I want you all to know that generally getting Justin out of bed when he’s asleep is a Herculean task that requires a great deal of chocolate prior to my getting him every morning. He only weighs fifteen pounds less than me now and is an inch taller, and our morning routine of excision from slumber is comical. I literally build in ten minutes just to get him out of bed, an act which requires me dragging his legs over the side, body rolling him, cajoling, begging, and occasionally cursing about the damn bus coming.
I never said I was a perfect mom.
I’m going to tell you moms that if you’re ever worried about getting your severely autistic child to do something they completely do not want to do in a life-threatening situation, let your worries go. Those stories about moms lifting cars off their babies are true. As I ran up the stairs I felt a huge adrenaline rush go through me, and I swear that from the time I got to his room and got him out of the house no more than thirty seconds passed.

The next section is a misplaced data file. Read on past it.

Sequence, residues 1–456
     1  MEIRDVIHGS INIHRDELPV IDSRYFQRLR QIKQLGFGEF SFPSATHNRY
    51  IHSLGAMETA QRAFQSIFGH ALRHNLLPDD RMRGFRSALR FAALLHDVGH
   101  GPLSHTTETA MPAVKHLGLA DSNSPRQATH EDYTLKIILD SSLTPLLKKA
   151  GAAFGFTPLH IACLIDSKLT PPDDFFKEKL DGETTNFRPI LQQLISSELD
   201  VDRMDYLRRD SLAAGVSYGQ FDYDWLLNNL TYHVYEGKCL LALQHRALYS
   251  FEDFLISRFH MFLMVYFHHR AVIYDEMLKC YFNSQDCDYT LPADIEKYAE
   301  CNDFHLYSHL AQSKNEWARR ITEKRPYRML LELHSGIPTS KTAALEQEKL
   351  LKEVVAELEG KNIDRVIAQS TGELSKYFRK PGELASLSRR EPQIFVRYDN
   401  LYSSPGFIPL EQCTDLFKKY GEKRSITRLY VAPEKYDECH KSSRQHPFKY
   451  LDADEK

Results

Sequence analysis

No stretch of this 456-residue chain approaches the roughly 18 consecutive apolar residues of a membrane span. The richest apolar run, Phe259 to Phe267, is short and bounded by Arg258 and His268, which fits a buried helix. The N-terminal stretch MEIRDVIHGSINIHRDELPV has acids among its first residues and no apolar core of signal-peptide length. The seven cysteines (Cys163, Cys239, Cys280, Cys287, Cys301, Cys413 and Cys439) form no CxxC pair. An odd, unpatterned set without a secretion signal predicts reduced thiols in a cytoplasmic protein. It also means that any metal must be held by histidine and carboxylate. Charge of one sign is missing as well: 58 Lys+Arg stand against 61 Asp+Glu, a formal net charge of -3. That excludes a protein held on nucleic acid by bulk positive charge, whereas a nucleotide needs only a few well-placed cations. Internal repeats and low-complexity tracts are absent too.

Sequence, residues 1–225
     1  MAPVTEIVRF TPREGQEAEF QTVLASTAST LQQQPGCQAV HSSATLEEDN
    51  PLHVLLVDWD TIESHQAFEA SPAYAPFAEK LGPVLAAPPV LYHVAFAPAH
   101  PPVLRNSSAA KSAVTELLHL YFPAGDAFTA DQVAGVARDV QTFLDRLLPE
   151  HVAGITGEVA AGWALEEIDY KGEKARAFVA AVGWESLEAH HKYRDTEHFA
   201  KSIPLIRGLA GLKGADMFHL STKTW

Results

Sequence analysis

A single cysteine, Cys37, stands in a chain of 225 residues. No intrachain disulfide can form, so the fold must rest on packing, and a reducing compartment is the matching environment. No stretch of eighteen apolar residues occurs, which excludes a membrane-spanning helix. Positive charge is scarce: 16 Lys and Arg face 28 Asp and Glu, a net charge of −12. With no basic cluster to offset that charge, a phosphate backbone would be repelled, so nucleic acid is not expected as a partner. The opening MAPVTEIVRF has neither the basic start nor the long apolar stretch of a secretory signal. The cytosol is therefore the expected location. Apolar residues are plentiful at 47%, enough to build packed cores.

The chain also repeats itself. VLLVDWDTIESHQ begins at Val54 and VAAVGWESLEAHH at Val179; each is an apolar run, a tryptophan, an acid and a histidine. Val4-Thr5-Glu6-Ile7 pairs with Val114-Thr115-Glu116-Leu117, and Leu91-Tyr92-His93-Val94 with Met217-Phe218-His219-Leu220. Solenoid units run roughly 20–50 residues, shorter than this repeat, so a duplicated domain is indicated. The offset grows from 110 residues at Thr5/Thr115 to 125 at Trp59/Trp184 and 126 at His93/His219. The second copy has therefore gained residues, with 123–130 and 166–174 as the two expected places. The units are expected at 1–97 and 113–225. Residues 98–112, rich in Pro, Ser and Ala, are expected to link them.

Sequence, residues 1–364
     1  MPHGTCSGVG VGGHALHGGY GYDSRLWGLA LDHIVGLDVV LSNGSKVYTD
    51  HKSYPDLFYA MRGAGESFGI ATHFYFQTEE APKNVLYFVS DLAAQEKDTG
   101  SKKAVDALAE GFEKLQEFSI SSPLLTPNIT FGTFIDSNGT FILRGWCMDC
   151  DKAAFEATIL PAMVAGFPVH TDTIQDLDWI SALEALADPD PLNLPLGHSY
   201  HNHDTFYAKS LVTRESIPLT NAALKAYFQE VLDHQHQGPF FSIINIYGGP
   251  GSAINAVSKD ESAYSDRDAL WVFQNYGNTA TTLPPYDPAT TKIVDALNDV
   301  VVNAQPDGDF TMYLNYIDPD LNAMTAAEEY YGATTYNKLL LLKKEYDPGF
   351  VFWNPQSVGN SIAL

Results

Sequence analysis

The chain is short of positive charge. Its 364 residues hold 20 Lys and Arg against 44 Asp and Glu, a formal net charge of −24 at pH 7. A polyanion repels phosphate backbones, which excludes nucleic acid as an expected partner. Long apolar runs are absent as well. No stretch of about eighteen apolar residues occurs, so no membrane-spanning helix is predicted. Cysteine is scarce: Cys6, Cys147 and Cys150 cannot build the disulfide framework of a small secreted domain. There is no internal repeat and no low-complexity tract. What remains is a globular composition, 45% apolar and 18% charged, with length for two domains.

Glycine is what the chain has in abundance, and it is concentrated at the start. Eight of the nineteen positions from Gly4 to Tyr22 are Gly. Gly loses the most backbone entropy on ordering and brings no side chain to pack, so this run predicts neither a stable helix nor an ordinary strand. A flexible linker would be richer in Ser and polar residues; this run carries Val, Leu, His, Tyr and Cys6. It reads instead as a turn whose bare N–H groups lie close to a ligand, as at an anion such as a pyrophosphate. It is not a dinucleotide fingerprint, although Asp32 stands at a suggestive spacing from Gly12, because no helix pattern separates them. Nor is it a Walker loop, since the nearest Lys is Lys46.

Wonder Woman has nothing on any of us.
We were all alive. My house didn’t burn to the ground. Ironically, only Justin’s room sustained real damage (figures!) and all will be fixed inside of a month. A terrible accident ends up only inconveniencing us.
We are lucky as hell and we know it.
This post will be a bit rambling today as I swear my brain is still processing everything, but so many things came out of that night. Our neighbors are amazing. Our town’s police and fire workers are incredible, compassionate professionals. I learned that while waiting to see if my house would burn down that I have irreverent thoughts, like wondering if Justin thinks firetruck Santa is at our house and is pissed that we’re not hosting him.